When is a stairway not a mere stairway?
The question is answered in “Fleeting Light,” an exhibition of the recent photography of Alex Nyerges on view through July 23 at the Reynolds Gallery satellite at 401 Libbie Ave. Nyerges is known to many as the director of the Virginia Museum of Fine Arts. During the past 40 years, though, he’s also pursued the practice of art photography.
“When I see something that inspires me,” Nyerges explains, “I think in black and white.”
On occasion, however, the circumstances inspire him otherwise. He describes the origin of “El Segundo Color II,” made during a January 2020 pre-pandemic gathering of family at a restaurant. A sudden burst of fading sunlight barreled down a staircase across from where they were sitting.
“The color was magical,” Nyerges recalls. He crossed to the other side of the room to gain a perspective on the light, which by then tended toward jade. “The people working at the restaurant must’ve wondered what I was doing, ‘It’s a stairway.’ But I wanted to capture that momentary beauty.”
After the light moved, the beguiling factors vanished.
He often takes many pictures of the same scene, over and over. “No two photographs, even of the same subject, are ever the same,” Nyerges says. “The variables are numerous: The season, time of day and, especially along the river where I often take these pictures, the water levels, the weather and environment play an important role.”
A case in point is his mysterious black-and-white “James River Fog II,” a 40-by-60-inch image depicting Blackbird Island across from the American Civil War Museum. To some, this island may resemble a great ghost sailing ship, the leafless trees as masts, and the bow emerging from fog. It is a trick of an eye tuned to light and atmosphere.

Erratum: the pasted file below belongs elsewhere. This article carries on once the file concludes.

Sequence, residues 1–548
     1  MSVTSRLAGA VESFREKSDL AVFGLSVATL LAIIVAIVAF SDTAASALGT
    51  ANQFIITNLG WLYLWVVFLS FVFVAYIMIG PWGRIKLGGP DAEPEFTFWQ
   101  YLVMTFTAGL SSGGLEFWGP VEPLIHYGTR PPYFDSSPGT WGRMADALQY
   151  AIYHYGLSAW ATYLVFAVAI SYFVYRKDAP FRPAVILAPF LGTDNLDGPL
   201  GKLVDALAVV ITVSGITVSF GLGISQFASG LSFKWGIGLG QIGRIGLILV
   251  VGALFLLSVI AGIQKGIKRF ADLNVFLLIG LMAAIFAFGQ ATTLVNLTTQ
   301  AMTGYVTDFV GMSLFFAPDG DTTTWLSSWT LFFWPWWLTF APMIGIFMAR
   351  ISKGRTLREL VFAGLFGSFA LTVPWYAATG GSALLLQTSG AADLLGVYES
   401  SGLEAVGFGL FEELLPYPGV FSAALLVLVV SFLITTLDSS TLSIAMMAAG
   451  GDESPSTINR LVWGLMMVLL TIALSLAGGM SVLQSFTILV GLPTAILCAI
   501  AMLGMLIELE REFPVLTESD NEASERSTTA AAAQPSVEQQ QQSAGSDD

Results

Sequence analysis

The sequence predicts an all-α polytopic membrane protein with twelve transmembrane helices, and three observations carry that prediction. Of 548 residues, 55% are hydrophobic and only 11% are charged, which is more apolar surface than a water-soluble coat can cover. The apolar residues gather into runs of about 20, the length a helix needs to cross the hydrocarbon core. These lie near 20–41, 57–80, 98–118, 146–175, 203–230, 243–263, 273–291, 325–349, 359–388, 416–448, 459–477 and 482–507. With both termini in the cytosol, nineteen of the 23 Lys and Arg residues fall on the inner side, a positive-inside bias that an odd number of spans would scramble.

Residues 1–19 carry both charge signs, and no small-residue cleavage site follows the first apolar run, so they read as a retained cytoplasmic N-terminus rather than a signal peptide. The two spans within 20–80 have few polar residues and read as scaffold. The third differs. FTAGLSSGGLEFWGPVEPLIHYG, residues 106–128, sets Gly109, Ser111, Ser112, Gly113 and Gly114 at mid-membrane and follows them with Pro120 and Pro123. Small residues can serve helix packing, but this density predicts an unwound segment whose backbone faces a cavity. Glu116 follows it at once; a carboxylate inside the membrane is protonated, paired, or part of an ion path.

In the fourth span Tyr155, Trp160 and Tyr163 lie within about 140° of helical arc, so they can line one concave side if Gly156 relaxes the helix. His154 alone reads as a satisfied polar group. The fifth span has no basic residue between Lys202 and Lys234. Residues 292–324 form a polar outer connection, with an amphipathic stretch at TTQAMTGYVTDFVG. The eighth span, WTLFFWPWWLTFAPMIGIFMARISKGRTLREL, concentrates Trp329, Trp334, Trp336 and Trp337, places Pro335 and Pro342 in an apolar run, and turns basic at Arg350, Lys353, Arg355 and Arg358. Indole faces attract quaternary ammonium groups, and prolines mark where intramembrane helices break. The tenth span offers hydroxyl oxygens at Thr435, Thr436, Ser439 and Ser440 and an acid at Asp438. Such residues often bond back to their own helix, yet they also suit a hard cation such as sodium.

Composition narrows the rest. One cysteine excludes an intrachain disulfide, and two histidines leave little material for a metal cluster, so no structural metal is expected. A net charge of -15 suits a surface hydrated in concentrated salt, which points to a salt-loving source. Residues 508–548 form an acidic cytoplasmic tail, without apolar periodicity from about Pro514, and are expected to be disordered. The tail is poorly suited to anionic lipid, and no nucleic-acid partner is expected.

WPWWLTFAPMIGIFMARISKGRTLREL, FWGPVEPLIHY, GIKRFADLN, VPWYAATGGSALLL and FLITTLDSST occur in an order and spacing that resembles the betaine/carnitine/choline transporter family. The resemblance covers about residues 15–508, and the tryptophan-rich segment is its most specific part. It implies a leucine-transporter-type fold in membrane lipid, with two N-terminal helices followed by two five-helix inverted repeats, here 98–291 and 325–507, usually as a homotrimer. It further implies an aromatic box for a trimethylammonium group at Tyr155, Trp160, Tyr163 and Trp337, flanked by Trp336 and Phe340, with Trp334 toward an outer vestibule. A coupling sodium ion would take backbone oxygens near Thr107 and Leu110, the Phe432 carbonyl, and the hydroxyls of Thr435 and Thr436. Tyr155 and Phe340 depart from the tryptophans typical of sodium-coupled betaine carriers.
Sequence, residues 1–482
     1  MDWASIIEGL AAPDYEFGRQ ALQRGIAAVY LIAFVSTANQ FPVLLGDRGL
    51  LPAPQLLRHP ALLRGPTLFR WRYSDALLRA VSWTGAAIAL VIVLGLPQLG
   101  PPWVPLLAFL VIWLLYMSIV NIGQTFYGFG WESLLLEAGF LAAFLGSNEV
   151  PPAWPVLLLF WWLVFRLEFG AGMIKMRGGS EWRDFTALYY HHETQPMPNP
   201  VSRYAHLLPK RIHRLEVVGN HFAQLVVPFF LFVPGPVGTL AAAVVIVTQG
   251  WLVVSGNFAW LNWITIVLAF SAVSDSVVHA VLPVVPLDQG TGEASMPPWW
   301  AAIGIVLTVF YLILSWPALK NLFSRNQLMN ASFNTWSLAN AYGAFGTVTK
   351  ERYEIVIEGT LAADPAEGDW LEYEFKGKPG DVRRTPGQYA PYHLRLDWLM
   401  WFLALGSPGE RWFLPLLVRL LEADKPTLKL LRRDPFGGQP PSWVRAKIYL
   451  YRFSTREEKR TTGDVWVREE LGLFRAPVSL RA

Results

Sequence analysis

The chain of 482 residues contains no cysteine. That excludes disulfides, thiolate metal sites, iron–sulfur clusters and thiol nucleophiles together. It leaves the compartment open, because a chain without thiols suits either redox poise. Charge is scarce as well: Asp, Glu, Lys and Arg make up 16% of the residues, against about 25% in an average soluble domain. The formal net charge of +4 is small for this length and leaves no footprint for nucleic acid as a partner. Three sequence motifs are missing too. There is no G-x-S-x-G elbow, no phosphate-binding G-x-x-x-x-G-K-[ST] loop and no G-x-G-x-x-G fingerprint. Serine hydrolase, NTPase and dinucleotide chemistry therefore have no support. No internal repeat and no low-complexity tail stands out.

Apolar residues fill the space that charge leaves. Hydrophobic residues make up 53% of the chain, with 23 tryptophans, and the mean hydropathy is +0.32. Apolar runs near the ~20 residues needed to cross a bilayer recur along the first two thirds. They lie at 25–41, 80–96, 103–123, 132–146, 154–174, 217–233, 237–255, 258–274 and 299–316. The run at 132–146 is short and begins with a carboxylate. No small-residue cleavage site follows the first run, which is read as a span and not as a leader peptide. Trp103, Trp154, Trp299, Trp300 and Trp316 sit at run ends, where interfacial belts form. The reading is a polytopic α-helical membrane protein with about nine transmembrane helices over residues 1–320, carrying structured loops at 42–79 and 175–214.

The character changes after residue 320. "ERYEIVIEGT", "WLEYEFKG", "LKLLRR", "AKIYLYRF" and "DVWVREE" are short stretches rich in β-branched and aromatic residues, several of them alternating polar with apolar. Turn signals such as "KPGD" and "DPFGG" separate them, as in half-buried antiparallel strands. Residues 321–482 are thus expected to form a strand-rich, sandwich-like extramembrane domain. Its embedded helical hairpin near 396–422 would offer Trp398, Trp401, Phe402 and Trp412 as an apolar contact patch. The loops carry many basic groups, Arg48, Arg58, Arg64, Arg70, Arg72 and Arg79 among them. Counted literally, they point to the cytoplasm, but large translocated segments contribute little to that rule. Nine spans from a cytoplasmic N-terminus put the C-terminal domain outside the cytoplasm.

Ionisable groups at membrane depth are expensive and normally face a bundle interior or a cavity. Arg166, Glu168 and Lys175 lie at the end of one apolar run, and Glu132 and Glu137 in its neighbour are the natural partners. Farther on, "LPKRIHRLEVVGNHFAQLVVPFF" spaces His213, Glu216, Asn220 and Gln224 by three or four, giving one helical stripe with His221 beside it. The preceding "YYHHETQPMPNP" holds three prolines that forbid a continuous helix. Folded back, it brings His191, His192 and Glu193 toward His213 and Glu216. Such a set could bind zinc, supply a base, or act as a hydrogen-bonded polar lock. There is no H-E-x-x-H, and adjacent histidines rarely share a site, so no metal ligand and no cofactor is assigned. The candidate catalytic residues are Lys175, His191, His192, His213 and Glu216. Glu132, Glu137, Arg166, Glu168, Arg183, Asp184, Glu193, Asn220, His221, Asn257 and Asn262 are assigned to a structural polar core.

“The image you see when you’re looking at it through the lens is not the image that shows up on the negative in its raw form,” Nyerges says.
Characteristics appear that perhaps one didn’t see when the shutter snapped; an errant leaf (that can be removed before printing), or a man sitting in a camp chair resembling to Nyerges a Renaissance church cardinal amid the tangle of a James River island (he stayed in the final picture).
Nyerges’ day job often requires international travel. He knows the streets of Beijing as he is familiar with paths along the James River. Wherever he is, what matters is a certain moment viewed in a discerning manner.
“Light differs, atmospheric conditions vary, the time of day — though most of my work is in the morning,” Nyerges says. If he’s image-taking at a later hour, the circumstances involve the play of contrast and shadows, and the photographer chases fleeting light.